Homer’s annual Farmers Market inched ahead this summer with a cautious reopening amid the ongoing social distancing caused by the novel coronavirus and COVID-19.
Most business entities and other aspects of society in Alaska have been allowed to reopen with health and social distancing suggestions, as opposed to mandates, but people are still being encouraged by state officials to keep their distance from others and wear a face covering when that’s not possible.
To help facilitate that while still connecting locals to fresh produce and goods, the Homer Farmers Market opened for the season on Saturday with the first hour reserved for the elderly and those with health issues, with the entire middle row of vendor booths eliminated and without the traditional market coins in place of cash that people are used to seeing.
All this was to promote spacing people out and limiting person-to-person contact during transactions, Robbi Mixon, local food director with the Alaska Farmers Market Associated, told the Homer News in a previous interview.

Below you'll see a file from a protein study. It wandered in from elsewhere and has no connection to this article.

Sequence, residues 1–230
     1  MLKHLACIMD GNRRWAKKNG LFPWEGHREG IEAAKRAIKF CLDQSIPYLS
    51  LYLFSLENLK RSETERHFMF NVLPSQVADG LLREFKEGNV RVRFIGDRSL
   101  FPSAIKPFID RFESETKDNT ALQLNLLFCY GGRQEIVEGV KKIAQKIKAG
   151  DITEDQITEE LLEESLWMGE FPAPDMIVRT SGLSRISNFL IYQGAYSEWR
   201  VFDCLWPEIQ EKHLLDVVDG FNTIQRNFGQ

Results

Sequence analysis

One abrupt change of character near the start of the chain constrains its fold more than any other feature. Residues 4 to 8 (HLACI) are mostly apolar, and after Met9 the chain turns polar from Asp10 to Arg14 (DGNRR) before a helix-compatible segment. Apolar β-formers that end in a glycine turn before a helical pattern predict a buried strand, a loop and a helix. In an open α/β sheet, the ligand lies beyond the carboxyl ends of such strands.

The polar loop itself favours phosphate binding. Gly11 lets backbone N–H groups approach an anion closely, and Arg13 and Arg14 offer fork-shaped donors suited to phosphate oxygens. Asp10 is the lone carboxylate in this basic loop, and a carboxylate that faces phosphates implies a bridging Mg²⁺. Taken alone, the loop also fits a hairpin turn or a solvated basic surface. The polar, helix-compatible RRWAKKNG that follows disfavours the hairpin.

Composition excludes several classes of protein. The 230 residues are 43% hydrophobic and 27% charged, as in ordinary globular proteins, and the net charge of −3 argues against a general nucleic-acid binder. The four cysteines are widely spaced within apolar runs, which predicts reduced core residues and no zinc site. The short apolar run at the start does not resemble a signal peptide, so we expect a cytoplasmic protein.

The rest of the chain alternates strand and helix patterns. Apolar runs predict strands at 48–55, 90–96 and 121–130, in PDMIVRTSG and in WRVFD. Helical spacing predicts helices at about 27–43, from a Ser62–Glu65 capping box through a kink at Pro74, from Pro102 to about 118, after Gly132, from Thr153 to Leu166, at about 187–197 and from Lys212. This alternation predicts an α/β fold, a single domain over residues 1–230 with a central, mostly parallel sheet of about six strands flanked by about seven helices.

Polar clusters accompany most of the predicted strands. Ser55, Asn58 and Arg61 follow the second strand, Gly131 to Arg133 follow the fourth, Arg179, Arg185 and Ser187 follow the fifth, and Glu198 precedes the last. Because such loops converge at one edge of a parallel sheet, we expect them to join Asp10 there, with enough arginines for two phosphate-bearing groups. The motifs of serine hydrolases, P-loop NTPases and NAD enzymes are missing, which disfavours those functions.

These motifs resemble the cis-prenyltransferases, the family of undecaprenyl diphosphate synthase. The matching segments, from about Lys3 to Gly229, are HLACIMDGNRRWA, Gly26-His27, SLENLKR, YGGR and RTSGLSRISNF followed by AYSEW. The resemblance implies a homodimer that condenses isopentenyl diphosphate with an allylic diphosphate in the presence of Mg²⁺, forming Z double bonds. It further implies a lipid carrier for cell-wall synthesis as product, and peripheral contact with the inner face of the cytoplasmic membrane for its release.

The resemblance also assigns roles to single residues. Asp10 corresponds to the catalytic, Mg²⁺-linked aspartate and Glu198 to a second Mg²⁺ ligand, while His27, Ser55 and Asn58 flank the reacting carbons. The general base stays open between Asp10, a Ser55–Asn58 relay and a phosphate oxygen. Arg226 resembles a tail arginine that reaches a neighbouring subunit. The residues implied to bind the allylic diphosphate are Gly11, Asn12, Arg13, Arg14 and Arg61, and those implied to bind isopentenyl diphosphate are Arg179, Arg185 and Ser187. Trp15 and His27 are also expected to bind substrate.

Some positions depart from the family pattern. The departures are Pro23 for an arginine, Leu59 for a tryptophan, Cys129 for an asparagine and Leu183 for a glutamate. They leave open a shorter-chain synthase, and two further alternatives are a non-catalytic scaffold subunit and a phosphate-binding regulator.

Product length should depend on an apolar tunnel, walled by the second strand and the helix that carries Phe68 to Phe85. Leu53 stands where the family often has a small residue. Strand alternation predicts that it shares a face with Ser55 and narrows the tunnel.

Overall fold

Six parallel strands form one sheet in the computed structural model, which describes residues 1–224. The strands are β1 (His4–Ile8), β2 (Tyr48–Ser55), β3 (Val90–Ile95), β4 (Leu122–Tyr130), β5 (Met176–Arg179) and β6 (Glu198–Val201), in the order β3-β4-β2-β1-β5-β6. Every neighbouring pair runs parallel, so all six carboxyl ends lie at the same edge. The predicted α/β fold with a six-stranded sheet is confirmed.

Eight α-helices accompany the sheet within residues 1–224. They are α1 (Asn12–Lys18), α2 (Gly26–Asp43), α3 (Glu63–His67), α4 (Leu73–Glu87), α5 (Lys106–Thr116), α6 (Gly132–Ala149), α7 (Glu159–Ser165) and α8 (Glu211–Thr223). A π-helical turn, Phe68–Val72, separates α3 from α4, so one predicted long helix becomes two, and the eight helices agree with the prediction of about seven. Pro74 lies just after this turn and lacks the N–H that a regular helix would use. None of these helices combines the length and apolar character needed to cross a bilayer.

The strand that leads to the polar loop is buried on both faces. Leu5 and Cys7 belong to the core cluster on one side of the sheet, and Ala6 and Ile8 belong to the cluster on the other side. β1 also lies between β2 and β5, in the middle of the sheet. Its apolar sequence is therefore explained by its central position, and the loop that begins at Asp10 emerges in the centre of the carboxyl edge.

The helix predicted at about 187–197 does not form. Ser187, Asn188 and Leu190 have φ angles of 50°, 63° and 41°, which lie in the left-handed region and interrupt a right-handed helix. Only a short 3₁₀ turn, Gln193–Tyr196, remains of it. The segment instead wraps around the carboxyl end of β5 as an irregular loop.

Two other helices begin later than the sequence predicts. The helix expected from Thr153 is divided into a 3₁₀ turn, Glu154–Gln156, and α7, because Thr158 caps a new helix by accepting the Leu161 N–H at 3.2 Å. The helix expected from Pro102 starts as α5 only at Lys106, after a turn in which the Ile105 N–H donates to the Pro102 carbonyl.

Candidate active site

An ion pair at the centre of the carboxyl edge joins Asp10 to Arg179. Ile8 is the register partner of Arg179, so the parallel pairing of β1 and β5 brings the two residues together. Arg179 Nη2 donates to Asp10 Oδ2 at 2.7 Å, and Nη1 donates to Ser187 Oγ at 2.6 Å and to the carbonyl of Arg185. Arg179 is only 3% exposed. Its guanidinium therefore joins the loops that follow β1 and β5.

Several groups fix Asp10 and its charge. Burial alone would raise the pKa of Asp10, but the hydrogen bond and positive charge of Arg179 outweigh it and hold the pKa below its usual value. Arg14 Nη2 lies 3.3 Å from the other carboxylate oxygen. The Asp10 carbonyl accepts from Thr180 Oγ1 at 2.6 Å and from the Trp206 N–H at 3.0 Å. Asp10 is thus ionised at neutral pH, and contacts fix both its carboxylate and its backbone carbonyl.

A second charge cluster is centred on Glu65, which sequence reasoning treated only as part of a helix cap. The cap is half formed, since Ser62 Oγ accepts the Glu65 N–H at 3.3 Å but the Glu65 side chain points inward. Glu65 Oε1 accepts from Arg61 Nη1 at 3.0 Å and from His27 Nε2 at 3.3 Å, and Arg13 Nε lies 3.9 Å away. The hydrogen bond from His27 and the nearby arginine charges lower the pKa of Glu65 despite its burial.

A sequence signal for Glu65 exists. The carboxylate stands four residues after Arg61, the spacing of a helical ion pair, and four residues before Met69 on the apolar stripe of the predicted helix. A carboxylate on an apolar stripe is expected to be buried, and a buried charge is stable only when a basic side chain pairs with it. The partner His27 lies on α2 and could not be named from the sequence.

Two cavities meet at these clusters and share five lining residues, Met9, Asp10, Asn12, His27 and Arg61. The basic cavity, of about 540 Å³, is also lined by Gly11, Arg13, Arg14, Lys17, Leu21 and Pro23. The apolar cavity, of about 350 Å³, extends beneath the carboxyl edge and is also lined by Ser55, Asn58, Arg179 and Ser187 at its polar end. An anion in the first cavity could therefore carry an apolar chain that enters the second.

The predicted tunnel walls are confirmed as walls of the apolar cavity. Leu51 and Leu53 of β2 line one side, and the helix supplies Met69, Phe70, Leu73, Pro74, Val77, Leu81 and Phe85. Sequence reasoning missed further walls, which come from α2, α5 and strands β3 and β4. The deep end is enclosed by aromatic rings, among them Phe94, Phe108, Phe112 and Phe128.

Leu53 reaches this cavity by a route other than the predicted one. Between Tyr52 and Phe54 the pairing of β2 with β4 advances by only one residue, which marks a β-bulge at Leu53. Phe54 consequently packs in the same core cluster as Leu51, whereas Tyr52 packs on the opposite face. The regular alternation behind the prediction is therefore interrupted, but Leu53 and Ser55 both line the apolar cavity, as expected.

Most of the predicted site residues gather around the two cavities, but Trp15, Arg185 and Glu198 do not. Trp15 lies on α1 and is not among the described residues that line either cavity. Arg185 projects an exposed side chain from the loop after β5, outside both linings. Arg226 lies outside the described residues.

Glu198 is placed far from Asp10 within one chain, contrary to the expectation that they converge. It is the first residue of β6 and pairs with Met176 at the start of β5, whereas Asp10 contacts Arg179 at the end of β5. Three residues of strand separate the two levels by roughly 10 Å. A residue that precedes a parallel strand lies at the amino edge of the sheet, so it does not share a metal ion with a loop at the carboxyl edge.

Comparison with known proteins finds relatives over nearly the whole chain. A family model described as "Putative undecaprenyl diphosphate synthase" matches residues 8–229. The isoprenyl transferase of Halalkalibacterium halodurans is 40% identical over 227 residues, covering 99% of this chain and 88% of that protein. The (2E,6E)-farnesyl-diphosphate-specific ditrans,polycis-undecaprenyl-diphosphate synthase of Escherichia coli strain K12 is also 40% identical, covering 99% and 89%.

The parking lot and market itself were far less crowded on Saturday than the usual scene that overtakes Ocean Drive from late morning into the afternoon. Most people wore face coverings, and those who forgot theirs were offered one at the gate by volunteers.
In a Facebook post following the opening day, the Homer Farmers Market announced face coverings will now be mandatory for customers going forward.
“Reassessing after the first market, and in response to the growing cases on the Kenai Peninsula, the board has decided to make face coverings mandatory for all market attendees,” the announcement reads. “We hope this will help further lower risks for all attendees, including our elders and immune-compromised patrons.”
Food and beverage consumption on site at the market will be discouraged. Customers are asked to send one family member to shop for the whole, when possible.